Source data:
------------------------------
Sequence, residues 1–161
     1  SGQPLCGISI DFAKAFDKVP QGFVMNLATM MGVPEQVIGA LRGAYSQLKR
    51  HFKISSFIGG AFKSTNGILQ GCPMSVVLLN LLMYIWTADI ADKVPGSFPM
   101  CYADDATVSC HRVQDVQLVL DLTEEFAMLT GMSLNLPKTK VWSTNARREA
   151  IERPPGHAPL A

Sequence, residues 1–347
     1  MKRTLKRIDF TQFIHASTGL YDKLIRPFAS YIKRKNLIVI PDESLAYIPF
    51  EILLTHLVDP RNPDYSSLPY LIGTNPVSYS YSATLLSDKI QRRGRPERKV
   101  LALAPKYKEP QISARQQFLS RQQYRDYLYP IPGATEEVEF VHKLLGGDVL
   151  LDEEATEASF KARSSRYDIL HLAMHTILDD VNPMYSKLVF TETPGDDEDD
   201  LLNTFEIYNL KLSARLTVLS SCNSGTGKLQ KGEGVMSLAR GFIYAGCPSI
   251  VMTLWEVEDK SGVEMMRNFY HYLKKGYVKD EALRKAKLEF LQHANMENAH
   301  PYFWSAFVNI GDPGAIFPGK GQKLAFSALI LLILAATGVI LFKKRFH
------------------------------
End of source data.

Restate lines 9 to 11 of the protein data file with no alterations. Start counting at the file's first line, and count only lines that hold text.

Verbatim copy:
   101  LALAPKYKEP QISARQQFLS RQQYRDYLYP IPGATEEVEF VHKLLGGDVL
   151  LDEEATEASF KARSSRYDIL HLAMHTILDD VNPMYSKLVF TETPGDDEDD
   201  LLNTFEIYNL KLSARLTVLS SCNSGTGKLQ KGEGVMSLAR GFIYAGCPSI